USA Track & Field joins swimming in push for Games delay

2020 Olympics plan to go on as scheduled (2:29)

Michele Steele discusses the current plan for the Olympics to go on as scheduled in July. (2:29)

USA Track & Field is joining USA Swimming in calling for the U.S. Olympic & Paralympic Committee to push for a postponement of the Tokyo Olympics.

In a letter tweeted by the USATF on Saturday, CEO Max Siegel wrote that it would be challenging for athletes to "properly train in a safe and adequate environment" amid the worldwide coronavirus pandemic.

"We acknowledge that there are no perfect answers, and that this is a very complex and difficult decision," Siegel wrote, "but this position at least provides our athletes with the comfort of knowing that they will have adequate time to properly prepare themselves physically, mentally and emotionally to be able to participate in a safe and successful Olympic Games."

USA Track did not provide a timeline for a postponement, unlike USA Swimming CEO Tim Hinchey, who wrote to the USOPC on Friday asking it to pursue a one-year Games postponement.

That means the sports that accounted for 65 of America's 121 medals and 175 of its 554 athletes at the last Summer Games are on record in urging, in Siegel's words, "the USOPC, as a leader within the Olympic Movement, to use its voice and speak up for the athletes."

The leader of the international track federation, Seb Coe, sent a letter to IOC president Thomas Bach on Sunday saying holding the Olympics in July "is neither feasible nor desirable" with the coronavirus impacting huge swaths of the globe.

Coe sent the letter after meeting with leaders from around the world in track, which is the biggest sport at the Olympics. It came hours after the IOC announced it could take up to four weeks to make a decision on whether to postpone the games, which are scheduled to start July 24.

Coe cited issues of fairness, the increased likelihood of injuries if athletes have to rush through training and the uncertainty caused by public health issues that are forcing many countries to order all people to stay indoors. He reiterated what he's said before -- that nobody wants to see the Olympics postponed, but it can't be held at all costs, specifically the cost of athlete safety.

The leader of the third sport that makes up the backbone of the Olympics -- gymnastics -- has sent a survey to athletes, asking for their thoughts on what the USA Gymnastics stance should be.

USA Track & Field already had its answer, thanks in part to online conversations led by its athlete representatives.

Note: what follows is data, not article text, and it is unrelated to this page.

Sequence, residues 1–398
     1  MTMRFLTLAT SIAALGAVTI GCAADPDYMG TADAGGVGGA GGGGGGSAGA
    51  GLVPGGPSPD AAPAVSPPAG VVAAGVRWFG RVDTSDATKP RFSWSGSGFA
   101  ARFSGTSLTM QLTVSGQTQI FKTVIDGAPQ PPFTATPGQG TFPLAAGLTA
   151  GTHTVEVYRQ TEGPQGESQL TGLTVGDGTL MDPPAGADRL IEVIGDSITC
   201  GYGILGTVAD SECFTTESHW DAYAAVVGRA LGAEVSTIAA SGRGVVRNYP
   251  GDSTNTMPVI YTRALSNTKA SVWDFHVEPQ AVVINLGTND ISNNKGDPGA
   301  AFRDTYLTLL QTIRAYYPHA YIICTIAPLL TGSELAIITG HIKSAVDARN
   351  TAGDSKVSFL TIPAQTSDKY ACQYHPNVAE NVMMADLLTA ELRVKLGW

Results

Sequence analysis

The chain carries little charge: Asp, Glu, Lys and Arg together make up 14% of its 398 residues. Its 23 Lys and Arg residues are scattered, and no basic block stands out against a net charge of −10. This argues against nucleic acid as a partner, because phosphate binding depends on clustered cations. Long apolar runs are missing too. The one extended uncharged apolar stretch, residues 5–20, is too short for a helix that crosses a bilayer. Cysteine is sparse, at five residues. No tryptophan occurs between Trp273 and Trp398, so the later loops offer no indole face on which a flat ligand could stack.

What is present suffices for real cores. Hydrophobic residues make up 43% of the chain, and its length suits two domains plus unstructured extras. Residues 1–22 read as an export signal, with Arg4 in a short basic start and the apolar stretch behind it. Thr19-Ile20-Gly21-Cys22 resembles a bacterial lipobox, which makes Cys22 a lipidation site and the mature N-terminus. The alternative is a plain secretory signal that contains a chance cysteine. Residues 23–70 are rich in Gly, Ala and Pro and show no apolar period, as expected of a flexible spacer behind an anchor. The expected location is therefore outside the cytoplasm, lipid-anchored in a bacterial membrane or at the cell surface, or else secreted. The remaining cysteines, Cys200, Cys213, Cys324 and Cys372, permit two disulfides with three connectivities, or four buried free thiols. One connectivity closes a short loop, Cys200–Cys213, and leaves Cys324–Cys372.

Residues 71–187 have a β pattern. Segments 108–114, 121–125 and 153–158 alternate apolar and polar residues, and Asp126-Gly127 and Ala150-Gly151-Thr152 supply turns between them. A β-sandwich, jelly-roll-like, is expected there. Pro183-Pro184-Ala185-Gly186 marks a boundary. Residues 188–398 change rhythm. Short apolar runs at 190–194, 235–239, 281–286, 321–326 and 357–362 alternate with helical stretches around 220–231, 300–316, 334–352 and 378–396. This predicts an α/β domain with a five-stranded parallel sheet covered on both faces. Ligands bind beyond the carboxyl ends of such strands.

"If you go there and spread the virus and you go back home and kill one child, one grandmother, father or even an athlete, is it worth it? The answer to us was no," said Wallace Spearmon, the vice president of the USATF athletes council.

Responding to the USA Swimming letter, USOPC CEO Sarah Hirshland and USOPC chair Susanne Lyons said they are following the International Olympic Committee's position that it is too soon to make a final call on the Games, whose opening ceremonies are scheduled for July 24.

On Thursday, Bach told The New York Times that the committee was "considering different scenarios" amid the pandemic. The USOPC echoed those sentiments Friday, with Lyons saying the organization is planning for a variety of outcomes regarding the coronavirus and the Games.

Also Saturday, Brazil's Olympic Committee said in a statement that the Games should be pushed back to 2021. The committee said the decision was a necessity due to the seriousness of the pandemic and "the consequent difficulty for athletes to keep their best competitive level." Norway has also gone public with a request to postpone.

Also focused on leadership was Steve Mesler, a USOPC board member and Olympic champion bobsledder. In a blog post Friday, Mesler leveled much more criticism toward the IOC than Hirshland or Lyons had.

"The [IOC] ... has not shown the leadership we Olympians desire out of those who are in charge," Mesler wrote, careful to emphasize that these were his thoughts "as an Olympian and not those of the USOPC, its Board of Directors, or its leaders."

Information from ESPN's Wayne Drehs and The Associated Press was used in this report.